Kansai Region, Japan
February 1st 2023
Somewhere in the sweeping valleys of Kansai, a short train ride away from a chaotic machine that is the modern Japanese metropolise, lies a forest esconced by maple trees. Annually, this foliage transforms and ultra-realistic beams of red, gold and yellow shoot through the landscape. With all this glammer, it can be easy to forget that this habitat is also exceptional in being home to Japan's only primate species, the Japanese macaque (Macaca fuscata).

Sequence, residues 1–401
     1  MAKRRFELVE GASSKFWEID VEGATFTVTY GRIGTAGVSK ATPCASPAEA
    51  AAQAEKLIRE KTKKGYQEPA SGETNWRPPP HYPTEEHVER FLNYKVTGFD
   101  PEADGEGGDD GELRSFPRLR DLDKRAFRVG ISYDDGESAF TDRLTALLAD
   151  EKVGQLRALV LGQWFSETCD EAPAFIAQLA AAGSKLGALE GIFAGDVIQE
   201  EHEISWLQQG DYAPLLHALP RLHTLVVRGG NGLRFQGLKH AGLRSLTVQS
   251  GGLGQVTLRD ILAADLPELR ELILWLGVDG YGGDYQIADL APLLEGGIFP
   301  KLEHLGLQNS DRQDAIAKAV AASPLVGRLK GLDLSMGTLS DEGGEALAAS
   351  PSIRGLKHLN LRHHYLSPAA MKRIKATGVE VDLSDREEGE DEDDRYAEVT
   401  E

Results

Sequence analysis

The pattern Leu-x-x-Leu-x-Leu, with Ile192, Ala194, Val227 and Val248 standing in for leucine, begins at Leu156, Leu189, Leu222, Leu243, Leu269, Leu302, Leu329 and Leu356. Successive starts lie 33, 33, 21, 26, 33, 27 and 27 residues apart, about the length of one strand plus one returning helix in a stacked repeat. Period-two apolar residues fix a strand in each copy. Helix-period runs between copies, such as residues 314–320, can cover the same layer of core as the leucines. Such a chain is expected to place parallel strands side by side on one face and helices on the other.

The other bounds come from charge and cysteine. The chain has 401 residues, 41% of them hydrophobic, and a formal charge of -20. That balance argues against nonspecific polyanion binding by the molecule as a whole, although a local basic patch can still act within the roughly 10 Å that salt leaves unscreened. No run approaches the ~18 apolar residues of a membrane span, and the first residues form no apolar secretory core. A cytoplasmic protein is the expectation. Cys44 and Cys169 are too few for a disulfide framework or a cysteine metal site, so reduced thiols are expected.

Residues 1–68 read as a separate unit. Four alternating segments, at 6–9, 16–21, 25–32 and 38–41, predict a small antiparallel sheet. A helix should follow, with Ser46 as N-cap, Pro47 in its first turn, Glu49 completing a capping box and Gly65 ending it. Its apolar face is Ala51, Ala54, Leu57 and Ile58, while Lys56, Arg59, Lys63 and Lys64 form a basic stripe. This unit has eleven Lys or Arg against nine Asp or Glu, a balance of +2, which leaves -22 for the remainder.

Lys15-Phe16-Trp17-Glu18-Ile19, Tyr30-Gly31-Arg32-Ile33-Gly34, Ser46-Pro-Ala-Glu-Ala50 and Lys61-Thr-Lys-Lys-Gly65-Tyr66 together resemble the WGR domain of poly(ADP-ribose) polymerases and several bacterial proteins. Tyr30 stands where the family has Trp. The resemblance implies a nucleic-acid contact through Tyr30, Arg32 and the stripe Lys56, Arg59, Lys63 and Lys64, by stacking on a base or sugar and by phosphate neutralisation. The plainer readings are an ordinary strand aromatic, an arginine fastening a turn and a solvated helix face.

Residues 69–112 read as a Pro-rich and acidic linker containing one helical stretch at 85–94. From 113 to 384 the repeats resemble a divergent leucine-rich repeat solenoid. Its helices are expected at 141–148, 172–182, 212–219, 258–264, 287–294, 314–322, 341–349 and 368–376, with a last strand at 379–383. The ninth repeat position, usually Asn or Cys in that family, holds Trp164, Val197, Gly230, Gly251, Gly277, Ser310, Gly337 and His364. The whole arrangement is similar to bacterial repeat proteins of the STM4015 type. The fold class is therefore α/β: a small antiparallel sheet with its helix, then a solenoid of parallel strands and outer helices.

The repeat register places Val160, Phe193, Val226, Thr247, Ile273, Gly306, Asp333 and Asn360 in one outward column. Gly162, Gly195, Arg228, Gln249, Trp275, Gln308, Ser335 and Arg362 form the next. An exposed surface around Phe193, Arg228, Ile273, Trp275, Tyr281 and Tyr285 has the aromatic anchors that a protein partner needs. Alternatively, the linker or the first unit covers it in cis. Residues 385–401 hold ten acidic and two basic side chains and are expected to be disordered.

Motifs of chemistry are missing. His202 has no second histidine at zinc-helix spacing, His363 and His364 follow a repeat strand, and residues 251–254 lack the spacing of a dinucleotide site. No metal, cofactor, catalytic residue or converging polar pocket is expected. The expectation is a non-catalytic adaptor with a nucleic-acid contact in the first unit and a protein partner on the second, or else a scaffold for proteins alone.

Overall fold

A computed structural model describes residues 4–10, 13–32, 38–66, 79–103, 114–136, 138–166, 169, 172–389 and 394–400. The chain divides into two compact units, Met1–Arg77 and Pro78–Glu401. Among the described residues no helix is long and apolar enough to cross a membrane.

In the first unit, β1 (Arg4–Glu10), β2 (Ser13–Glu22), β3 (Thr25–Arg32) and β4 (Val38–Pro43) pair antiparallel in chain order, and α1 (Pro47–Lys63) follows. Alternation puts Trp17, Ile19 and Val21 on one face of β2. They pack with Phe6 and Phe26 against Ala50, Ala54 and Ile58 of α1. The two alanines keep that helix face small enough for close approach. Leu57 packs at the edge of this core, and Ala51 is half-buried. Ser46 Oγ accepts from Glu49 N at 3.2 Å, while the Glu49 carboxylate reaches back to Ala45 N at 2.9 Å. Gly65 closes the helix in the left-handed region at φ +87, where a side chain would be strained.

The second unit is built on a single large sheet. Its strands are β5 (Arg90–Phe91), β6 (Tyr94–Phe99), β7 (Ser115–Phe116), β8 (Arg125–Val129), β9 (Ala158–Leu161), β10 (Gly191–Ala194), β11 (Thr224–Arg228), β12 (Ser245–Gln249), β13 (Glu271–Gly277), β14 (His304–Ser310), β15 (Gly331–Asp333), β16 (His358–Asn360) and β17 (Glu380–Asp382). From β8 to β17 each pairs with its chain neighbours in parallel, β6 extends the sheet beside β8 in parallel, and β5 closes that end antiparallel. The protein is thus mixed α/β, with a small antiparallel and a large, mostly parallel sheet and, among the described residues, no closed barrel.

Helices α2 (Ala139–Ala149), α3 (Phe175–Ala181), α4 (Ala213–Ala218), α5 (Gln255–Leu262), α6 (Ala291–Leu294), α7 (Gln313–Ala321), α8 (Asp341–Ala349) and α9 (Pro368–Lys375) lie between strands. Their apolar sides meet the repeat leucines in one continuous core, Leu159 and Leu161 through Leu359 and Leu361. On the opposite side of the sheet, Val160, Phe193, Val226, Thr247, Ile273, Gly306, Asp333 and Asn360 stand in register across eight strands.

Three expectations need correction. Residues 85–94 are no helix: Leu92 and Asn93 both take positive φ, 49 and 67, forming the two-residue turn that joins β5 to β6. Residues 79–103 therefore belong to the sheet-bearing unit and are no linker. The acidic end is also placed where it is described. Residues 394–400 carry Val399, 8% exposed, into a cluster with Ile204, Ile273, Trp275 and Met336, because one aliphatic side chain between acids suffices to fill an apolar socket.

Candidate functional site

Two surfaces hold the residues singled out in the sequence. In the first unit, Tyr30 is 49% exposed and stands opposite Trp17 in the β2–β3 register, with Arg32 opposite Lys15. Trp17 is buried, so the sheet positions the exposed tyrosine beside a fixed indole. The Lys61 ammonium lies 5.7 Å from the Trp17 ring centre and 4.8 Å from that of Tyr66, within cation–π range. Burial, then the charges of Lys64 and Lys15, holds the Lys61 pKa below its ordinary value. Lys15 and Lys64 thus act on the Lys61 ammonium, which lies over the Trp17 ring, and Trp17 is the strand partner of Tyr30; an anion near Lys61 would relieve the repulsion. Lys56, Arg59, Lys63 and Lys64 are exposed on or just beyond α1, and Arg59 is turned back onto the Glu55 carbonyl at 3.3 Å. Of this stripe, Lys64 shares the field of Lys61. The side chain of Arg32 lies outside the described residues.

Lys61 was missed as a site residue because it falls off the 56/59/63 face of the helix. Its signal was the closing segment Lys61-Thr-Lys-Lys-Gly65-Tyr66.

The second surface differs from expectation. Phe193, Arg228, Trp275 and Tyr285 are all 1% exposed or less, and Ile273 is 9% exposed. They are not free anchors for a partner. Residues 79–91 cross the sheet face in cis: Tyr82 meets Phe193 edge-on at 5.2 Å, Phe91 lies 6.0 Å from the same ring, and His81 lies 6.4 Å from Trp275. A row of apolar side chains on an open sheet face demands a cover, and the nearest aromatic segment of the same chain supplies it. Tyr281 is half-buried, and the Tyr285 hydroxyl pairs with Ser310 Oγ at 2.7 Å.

Japanese macaques are famous not only because they are the Japanese monkey, but because they are the most northerly living non-human primate species in the world, hence them often being called 'snow monkeys'. Physically, they differ from their mainland and other-island relatives by having much redder faces, which, be it a by-product of their passion or sheer awkwardness on the matter, get even redder during the mating season.
The expressiveness of the monkeys was simply a delite to behold, and their constantly jostling social dynamics provided me with the perfect opportunity to flex my wildlife photography fingers. It really hit home how long it has been and how much I missed it. Next time though, I might bring some thermal socks.